Duke vascular and heart surgeons evaluate and treat the serious conditions, such as aneurysms and dissections, that can affect your aorta. The aorta is the largest artery in the body; it distributes blood from your heart to the rest of your body. Whenever possible, our surgeons use minimally invasive techniques to treat aortic problems. Our goal is to minimize your risk of serious complications from aortic disease.
About Aortic Disease
We work to prevent, detect, and correct the sometimes silent, life-threatening conditions that can affect your aorta, including:
- Aortic aneurysm -- when the aorta weakens, enlarges, or ruptures
- Aortic dissection -- when the aorta separates
We also work closely with congenital and genetic heart disease experts, since genetic conditions like Loeys-Dietz, Ehlers-Danlos, and Marfan syndromes can increase risk for an aortic aneurysm or dissection.
Duke Health offers locations throughout the Triangle. Find one near you.
Early screening increases the chance of preventing serious issues.
Your doctor may suggest testing for genetic diseases that affect the blood vessels, such as Loeys-Dietz, Ehlers-Danlos, and Marfan syndromes. These may include physical exams, medical and family history reviews, and blood or saliva tests.
CT, MRI, and ultrasound scans show arteries in detail, helping your doctor identify aortic disease. These high-resolution images also highlight changes that may occur following an aortic repair. These tests take about 30 to 60 minutes and are virtually painless.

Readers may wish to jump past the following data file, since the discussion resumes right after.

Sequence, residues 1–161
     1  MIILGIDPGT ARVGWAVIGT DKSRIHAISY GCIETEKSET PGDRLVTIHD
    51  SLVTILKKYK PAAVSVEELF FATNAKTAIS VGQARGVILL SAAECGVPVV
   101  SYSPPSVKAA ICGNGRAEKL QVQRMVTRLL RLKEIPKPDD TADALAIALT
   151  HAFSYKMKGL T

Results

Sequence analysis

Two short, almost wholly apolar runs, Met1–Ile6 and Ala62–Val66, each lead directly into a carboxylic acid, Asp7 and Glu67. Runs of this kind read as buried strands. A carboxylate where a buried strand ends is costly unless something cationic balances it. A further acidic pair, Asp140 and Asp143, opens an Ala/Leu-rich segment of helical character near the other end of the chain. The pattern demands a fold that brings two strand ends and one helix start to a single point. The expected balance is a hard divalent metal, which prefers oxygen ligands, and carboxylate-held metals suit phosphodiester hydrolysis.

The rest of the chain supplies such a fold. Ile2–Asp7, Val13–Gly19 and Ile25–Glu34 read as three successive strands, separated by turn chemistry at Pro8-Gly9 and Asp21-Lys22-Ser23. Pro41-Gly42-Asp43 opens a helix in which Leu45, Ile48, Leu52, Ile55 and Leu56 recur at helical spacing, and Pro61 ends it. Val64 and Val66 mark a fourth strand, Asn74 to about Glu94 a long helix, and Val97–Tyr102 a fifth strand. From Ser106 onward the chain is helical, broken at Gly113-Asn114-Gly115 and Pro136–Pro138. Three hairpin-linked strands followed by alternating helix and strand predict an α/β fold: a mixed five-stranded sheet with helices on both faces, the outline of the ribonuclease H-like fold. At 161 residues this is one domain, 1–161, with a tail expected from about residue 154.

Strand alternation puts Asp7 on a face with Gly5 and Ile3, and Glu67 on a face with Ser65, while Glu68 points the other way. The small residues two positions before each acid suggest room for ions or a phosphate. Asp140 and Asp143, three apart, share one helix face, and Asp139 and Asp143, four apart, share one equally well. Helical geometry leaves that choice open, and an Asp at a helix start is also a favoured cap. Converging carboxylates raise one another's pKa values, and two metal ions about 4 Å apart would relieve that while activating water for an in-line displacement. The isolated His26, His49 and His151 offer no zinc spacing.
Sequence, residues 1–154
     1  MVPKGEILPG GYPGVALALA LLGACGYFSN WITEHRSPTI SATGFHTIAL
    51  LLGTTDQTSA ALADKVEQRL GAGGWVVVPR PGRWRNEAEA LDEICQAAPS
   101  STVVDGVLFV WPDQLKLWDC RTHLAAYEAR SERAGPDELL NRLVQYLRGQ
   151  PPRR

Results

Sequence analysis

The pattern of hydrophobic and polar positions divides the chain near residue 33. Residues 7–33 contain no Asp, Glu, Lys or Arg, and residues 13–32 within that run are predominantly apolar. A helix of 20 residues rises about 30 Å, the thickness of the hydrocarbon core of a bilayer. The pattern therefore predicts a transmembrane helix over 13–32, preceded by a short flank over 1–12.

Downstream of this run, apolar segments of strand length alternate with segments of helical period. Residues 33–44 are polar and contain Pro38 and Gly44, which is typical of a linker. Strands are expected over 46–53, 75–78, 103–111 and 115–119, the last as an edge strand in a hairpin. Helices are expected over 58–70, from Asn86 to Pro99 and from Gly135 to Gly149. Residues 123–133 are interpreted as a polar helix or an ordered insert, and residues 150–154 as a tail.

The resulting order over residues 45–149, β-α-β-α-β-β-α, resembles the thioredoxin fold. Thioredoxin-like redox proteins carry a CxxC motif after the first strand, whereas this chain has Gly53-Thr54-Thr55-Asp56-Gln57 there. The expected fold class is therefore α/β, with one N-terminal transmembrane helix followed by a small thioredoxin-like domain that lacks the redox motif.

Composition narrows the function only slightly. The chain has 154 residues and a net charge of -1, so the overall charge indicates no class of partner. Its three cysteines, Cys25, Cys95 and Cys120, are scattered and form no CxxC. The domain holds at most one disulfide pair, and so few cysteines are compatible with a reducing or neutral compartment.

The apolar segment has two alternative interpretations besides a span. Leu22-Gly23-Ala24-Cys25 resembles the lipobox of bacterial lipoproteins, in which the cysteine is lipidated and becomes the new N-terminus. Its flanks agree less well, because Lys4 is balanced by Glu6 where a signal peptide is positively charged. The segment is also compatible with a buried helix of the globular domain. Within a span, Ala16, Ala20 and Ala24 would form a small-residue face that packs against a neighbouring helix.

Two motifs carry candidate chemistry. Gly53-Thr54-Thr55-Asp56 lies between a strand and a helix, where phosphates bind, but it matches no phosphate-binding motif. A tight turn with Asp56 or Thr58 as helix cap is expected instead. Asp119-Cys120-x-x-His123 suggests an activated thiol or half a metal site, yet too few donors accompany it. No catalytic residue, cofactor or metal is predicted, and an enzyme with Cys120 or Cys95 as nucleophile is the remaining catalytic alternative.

For this simple, pain-free test, an ultrasound probe is moved over the surface of your chest to capture moving images of your heart. This helps your doctor determine your heart’s chamber dimensions, shape, valve structures, and overall function.
After you receive local anesthesia to numb the site, a flexible catheter is inserted into a blood vessel and guided to your heart. Contrast dye is injected, and X-rays are taken to capture images of your heart, coronary arteries, and other blood vessels.
CT Coronary Angiography
A contrast agent is injected into your arm, and a CT scan produces highly detailed, 3-D images of your coronary arteries to help identify anatomy and blockages. This test takes about 30 to 60 minutes and, aside from some discomfort from the injection, is virtually painless.
When it comes to your heart care, you want the very best. Duke University Hospital is proud of our team and the exceptional care they provide. They are why our cardiology and heart surgery program is nationally ranked, and the highest ranked program in North Carolina, according to U.S. News & World Report for 2020–2021.
Why Choose Duke
Excellent Patient Outcomes
Our advanced techniques and team approach aim to minimize surgical complication rates for complex aortic procedures and reduce the risks of infection and re-hospitalization.
Novel Surgical Techniques for Rare Genetic Conditions
We have an experienced team that specializes in managing genetic conditions, such as Marfan and Loeys-Dietz Syndrome, that predispose patients to aortic dissection.
Hybrid Surgery to Repair the Aorta
When appropriate, we combine open-heart surgery with minimally invasive techniques to repair the aorta. This alternative is well-suited for older or high-risk people who may not be candidates for more invasive surgeries.
Our medical team provides ongoing management of your aortic disease to ensure you live the best life possible.